Online game to end hunger To recap, Kacie's wheelchair costs £27,000, so if websites like Go Fund Me were more concerned with helping people, and less concerned with making a profit, these unjustified charges of almost thirty thousand pounds would be more than enough to pay for Kacie Martin's new wheelchair.

As I say, usually on the Charles Fudgemuffin blog I prefer to cover silly subjects and just have a bit of a daft laugh, but it makes me angry when websites make a profit out of worthy causes.  Their profits come directly from money which should be helping people in need, and to make matters worse, on the Go Fund Me website they make the misleading scare-mongering claim:

"BEWARE of other sites claiming to be ‘100% Free’. They will simply charge your donors instead and you will collect less donations as a result."

To be blunt, this is a lie.

Not all fundraising websites are unscrupulous, and to name two excellent examples, givey.com don't charge charities or donations, and instead make their money from businesses, and mydonate.com is funded by 1% of BT's profits, so again there's no percentage charge and just a 13p/15p debit/credit card processing fee.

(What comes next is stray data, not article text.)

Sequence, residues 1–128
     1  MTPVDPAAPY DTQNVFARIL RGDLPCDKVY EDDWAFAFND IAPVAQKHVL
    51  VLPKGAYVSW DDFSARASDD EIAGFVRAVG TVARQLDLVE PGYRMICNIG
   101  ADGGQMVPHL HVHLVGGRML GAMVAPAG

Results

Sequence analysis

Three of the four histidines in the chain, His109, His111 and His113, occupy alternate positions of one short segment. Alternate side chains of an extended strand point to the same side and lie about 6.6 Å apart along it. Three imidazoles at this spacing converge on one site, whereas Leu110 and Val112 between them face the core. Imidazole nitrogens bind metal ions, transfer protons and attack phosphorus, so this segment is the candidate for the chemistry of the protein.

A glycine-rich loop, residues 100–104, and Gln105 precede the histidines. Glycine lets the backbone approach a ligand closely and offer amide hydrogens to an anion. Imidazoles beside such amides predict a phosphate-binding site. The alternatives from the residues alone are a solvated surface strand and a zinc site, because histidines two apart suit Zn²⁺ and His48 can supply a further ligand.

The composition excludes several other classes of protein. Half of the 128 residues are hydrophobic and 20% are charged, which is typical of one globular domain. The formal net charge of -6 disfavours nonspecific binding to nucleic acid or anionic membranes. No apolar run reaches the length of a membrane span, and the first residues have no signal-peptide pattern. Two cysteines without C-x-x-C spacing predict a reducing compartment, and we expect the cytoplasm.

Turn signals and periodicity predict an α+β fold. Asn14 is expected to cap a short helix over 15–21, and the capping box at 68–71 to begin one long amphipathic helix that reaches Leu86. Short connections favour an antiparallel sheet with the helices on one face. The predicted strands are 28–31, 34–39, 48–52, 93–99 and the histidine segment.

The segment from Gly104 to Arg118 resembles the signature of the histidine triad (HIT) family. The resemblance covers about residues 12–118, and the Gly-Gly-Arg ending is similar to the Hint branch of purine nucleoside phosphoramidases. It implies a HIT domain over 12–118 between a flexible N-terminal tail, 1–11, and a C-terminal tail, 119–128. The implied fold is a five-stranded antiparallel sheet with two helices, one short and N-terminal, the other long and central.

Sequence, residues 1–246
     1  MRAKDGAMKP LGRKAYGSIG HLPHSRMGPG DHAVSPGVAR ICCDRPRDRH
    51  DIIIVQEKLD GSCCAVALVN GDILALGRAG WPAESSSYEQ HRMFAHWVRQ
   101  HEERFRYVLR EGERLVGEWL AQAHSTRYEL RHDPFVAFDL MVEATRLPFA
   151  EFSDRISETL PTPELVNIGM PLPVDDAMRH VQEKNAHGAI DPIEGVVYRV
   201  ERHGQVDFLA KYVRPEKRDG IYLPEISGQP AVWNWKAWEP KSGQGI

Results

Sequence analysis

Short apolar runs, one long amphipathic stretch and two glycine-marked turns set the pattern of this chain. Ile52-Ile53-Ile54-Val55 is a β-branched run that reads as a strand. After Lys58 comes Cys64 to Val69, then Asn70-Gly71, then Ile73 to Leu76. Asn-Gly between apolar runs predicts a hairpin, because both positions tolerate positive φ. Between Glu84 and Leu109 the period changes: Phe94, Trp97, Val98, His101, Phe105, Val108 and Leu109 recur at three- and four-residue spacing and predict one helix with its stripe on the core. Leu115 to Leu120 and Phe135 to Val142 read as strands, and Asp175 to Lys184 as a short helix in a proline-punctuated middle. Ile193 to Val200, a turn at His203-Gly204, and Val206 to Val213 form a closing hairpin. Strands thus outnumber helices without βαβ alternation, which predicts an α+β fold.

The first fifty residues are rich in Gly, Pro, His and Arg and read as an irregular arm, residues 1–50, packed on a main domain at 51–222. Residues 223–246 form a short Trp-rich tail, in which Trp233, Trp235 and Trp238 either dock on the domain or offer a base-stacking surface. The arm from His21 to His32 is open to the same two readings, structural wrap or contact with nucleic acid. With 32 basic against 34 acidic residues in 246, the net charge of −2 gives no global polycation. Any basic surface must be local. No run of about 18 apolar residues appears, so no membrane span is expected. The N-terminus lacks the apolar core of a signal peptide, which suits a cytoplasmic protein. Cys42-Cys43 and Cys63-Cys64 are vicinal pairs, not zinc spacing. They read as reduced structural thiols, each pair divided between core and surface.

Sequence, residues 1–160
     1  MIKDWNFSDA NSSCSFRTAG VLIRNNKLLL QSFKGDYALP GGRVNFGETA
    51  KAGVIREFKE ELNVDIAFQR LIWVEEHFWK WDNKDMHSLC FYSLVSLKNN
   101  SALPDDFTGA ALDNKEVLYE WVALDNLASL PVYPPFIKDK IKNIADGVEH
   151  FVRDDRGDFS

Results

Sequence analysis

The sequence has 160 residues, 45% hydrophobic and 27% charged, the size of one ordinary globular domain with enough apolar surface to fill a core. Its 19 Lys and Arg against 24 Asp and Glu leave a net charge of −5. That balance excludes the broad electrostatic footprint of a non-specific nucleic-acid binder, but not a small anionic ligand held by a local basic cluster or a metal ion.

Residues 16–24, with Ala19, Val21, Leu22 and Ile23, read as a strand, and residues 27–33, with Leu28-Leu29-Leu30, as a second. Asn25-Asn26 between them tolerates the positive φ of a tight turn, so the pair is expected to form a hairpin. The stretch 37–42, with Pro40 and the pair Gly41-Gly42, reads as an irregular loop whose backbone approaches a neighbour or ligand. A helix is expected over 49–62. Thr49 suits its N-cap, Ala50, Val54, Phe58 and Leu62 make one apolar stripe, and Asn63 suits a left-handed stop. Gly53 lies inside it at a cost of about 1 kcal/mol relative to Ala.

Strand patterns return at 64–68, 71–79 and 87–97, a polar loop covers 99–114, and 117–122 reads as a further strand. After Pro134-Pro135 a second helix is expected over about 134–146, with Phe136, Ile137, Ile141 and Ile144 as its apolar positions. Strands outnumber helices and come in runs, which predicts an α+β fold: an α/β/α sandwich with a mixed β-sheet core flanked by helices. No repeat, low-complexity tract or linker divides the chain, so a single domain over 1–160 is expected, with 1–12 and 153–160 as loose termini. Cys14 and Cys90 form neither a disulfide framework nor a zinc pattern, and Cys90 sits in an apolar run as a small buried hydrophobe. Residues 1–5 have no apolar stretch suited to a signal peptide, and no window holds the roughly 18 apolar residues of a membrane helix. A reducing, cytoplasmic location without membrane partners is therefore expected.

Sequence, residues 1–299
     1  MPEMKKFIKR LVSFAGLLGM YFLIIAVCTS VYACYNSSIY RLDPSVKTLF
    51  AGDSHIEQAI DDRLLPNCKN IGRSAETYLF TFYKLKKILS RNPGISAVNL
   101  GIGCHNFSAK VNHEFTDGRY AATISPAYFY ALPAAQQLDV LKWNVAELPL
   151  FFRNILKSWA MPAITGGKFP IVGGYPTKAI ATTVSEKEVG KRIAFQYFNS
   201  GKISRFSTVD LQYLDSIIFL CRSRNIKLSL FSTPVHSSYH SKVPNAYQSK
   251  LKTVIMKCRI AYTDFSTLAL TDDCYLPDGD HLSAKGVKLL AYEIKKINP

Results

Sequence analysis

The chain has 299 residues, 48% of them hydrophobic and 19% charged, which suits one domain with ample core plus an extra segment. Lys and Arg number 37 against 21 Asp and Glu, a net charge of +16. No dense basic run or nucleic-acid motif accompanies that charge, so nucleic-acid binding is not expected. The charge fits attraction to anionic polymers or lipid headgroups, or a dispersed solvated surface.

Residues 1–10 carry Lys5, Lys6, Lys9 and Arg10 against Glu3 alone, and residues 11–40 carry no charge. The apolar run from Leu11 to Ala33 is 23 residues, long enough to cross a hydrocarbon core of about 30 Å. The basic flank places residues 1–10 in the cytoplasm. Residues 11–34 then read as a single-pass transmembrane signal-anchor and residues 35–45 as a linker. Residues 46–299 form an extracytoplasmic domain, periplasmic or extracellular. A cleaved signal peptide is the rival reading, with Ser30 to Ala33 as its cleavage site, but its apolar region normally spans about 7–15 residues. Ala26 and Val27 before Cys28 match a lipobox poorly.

Just to make things absolutely clear, both of the causes championed by Katie Cutler are very worthy causes, so it's excellent that there are so many generous people in the world who have supported these causes.  However, as I've already mentioned, if Go Fund Me hadn't trousered almost thirty thousand pounds from Alan Barnes' fund, Kacie Martin could already have her new wheelchair.

What motivates some fundraising websites?